Neuroscientists are interested in how brains interact socially. One of the main topics of study is ‘mentalizing’ aka ‘theory of mind’, the ability to accurately attribute mental states – such as beliefs and emotions – to other people.
But two new papers out this week suggest that people can still mentalize successfully after damage to “key parts of the theory of mind network”.
Herbet et al, writing in Cortex, showed few effects of surgical removal of the right frontal lobe in 10 brain tumour patients. On two different mentalizing tasks, they showed that removal caused either no decline in performance, or only a transient one.
Meanwhile Michel et al report that the left temporal pole is dispensable for mentalizing as well, in a single case report in the Journal of Cognitive Neuroscience.
They describe a patient suffering from frontotemporal dementia (FTD), whose left temporal lobe was severely atrophied. He’d lost the use of language, but he did quite normally on theory of mind tests adapted to be non-linguistic.
In both papers, these patients don’t have those parts of the brain that are most activated in fMRI studies of mentalizing. Where the blobs on the brain normally go, they have no brain.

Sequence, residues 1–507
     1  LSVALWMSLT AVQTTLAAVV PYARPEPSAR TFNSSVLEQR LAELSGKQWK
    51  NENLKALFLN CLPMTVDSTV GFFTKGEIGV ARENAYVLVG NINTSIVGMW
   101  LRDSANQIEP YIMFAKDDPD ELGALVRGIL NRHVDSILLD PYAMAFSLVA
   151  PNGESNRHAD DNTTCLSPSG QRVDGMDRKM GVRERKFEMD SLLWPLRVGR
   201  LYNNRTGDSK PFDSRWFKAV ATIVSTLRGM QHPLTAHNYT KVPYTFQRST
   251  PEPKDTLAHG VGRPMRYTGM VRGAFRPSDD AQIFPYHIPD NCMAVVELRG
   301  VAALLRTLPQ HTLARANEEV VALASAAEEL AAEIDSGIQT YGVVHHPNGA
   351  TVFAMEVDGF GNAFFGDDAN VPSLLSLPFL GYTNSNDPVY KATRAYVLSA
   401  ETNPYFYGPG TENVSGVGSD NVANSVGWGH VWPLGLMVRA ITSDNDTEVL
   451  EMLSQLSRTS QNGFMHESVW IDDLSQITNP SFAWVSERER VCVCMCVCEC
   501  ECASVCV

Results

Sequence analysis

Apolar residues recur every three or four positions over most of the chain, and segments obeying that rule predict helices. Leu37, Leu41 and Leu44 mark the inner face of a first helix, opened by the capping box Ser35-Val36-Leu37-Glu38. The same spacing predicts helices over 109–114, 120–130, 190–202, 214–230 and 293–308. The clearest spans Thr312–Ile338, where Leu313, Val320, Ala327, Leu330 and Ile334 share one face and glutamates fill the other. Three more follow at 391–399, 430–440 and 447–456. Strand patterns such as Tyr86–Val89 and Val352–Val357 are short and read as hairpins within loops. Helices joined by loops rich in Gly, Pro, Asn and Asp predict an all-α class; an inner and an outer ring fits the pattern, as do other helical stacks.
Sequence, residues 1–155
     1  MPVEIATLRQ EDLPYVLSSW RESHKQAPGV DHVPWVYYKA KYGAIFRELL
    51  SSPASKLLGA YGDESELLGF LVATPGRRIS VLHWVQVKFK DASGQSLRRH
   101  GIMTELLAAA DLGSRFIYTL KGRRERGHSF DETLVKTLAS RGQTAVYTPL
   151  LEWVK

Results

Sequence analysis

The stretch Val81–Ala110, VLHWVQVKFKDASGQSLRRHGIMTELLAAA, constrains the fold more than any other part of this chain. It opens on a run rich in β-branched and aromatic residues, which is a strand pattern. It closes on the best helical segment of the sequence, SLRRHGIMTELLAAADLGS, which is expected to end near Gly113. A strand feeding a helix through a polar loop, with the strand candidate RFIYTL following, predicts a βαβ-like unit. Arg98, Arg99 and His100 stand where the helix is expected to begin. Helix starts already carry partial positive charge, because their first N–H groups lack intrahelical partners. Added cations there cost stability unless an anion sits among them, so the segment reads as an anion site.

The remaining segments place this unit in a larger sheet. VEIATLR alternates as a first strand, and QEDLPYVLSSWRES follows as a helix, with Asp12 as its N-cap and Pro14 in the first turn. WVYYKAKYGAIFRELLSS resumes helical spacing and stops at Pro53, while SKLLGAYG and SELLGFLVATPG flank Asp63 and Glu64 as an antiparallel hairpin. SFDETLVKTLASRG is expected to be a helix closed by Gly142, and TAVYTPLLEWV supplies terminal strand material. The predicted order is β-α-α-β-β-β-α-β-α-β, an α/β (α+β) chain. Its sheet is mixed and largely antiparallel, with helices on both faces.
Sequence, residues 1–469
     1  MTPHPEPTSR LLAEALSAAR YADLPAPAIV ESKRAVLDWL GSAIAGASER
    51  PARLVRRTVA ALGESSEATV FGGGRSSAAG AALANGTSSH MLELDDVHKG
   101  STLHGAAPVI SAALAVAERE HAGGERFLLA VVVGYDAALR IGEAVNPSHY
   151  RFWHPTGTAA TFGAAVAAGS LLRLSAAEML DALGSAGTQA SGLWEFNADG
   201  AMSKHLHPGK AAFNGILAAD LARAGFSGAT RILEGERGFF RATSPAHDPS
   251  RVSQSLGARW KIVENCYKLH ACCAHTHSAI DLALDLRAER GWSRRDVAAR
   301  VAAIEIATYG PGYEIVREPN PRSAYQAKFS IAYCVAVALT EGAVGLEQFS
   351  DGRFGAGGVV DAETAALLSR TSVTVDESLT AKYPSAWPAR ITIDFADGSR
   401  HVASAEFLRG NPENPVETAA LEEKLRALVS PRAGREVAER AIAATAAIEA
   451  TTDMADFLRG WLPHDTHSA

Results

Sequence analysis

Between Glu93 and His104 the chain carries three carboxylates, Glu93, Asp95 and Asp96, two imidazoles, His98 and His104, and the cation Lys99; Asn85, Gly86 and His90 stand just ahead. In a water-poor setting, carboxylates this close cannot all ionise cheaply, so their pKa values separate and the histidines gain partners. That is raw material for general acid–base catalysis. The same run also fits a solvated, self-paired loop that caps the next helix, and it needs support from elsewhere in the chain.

Here’s an example from Michel et al showing the average peak activation spots seen in mentalizing tasks, projected onto the brain of the FTD patient and a control:
As you can see, however, the right side of the brain was in much better shape. So I think that’s a major caveat here. All of these patients lost large parts of one half of the brain, but none (as far as I can tell) lacked the corresponding areas from both sides.
So it could be that the inferior frontal cortex and the temporal pole are indeed key to theory of mind, but you can get away with only one of each. The fact that we have a pair of each, one left one right, provides redundancy. A bit like kidneys.
This is quite plausible, but it’s still interesting that the brain seems to be able to almost seamlessly cope with the loss of one of the halves.
And it does make you question what it means when activity in one of these areas is found to be reduced in (say) people with autism – on one side of the brain only. If activity can be zero on one side, without any problems, does it matter if it’s down a little?
Herbet G, Lafargue G, Bonnetblanc F, Moritz-Gasser S, & Duffau H (2013). Is the right frontal cortex really crucial in the mentalizing network? A longitudinal study in patients with a slow-growing lesion. Cortex PMID: 24050219
Michel C, Dricot L, Lhommel R, Grandin C, Ivanoiu A, Pillon A, & Samson D (2013). Extensive Left Temporal Pole Damage Does Not Impact on Theory of Mind Abilities. Journal of Cognitive Neuroscience PMID: 24047381